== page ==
According to Harrison, there are three types of customers: occasional buyers, habitual buyers and loyal customers.

Occasional buyers shop around on every purchase, while habitual customers shop out of habit — they buy from a particular distributor because they always have. The danger with habitual buyers, however, is that the relationship will not survive a mistake. And, as Harrison points out, “We’re human, and sooner or later we’re going to make mistakes.”

At the same time, he believes distributors are often to blame for perpetuating come-and-go customer relationships.

“A lot of that behavior is directed by the vendor, not the customer,” says Harrison. “When we treat a customer like they’re going to come and go, it’s a self-fulfilling prophecy.” 

In reality, he says, occasional and habitual buyers represent a tremendous opportunity for distributors, because sales reps can convert them to the next level of customer: the loyal customer.

Jim Pancero, a sales and sales leadership expert in Dallas, echoes this sentiment.

“My strategy is to treat every customer as a long-term relationship, even on the first order,” he says. “I actually do more research than normal every time I get a new client. I need to do a profound job with them, because I cannot predict when it’s going to turn into a longer-term relationship.”

So what does this ideal customer relationship look like?

Revenue aside, Truitt defines the ideal customer as “someone who values us as a business partner and needs our products, services and expertise as a key part of their solution.”

Similarly, Mike Holland, sales manager for Brame Specialty Company, Durham, North Carolina, describes the ideal customer as “one looking for a vendor partner that’s not only going to provide quality products, delivery and service, but that’s going to bring them new products and ideas that help them become more efficient and service their customers better.”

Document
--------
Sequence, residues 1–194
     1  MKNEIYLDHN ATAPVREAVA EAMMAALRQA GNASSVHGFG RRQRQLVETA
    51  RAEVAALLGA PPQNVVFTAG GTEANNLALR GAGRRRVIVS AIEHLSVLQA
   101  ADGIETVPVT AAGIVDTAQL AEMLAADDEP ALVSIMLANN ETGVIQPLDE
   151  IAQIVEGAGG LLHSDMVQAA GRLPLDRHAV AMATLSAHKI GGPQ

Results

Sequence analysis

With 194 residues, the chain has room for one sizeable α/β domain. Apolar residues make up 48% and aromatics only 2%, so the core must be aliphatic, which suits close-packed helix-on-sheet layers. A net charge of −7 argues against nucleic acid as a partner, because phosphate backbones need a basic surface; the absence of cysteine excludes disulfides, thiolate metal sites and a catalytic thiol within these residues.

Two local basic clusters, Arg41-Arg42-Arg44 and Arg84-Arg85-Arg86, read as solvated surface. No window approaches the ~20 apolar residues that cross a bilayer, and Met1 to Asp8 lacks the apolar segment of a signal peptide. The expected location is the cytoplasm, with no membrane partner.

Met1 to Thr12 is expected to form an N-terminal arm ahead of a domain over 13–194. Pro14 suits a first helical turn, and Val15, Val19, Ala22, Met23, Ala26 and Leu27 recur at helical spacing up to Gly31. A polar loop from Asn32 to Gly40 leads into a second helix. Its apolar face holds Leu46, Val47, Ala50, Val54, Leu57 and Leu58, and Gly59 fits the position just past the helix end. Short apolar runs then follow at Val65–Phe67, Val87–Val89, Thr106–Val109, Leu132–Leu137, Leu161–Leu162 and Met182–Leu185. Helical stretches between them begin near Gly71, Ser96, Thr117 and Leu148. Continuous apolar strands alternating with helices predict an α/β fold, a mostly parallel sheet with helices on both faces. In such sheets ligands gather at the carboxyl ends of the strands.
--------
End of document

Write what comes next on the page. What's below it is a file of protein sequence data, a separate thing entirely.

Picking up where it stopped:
The key takeaway: Distributors need to make themselves indispensable to their customers’ businesses to win and retain their loyalty.

And the first step toward achieving that goal is through education, says Crisafulli.

“Distributors should spend more time on come-and-go customers and put forth the effort to change their thinking and create an educated buyer,” he says. “So many buyers are just price conscious. That’s how we pick up the business. But once we get our foot in the door, we can show them the difference between buying on price and buying on overall cost, and we can start to change their mind-set.”

Crisafulli admits that educating buyers also has inherent risks.

“Once you create an educated customer the risk is you make them too smart, and someone else can come in and take their business,” he says. 

To avoid this scenario, distributors need to continually impart their value to the customer and become an integral part of their business. Truitt refers to this process as increasing the “divorce cost.”

“You have to find a way to become a valued resource to them,” he says. “Once you’ve become a part of their team, then you’ve sewn yourself into the fabric of their business. And if you increase your value, then the divorce cost for the customer is too high.”

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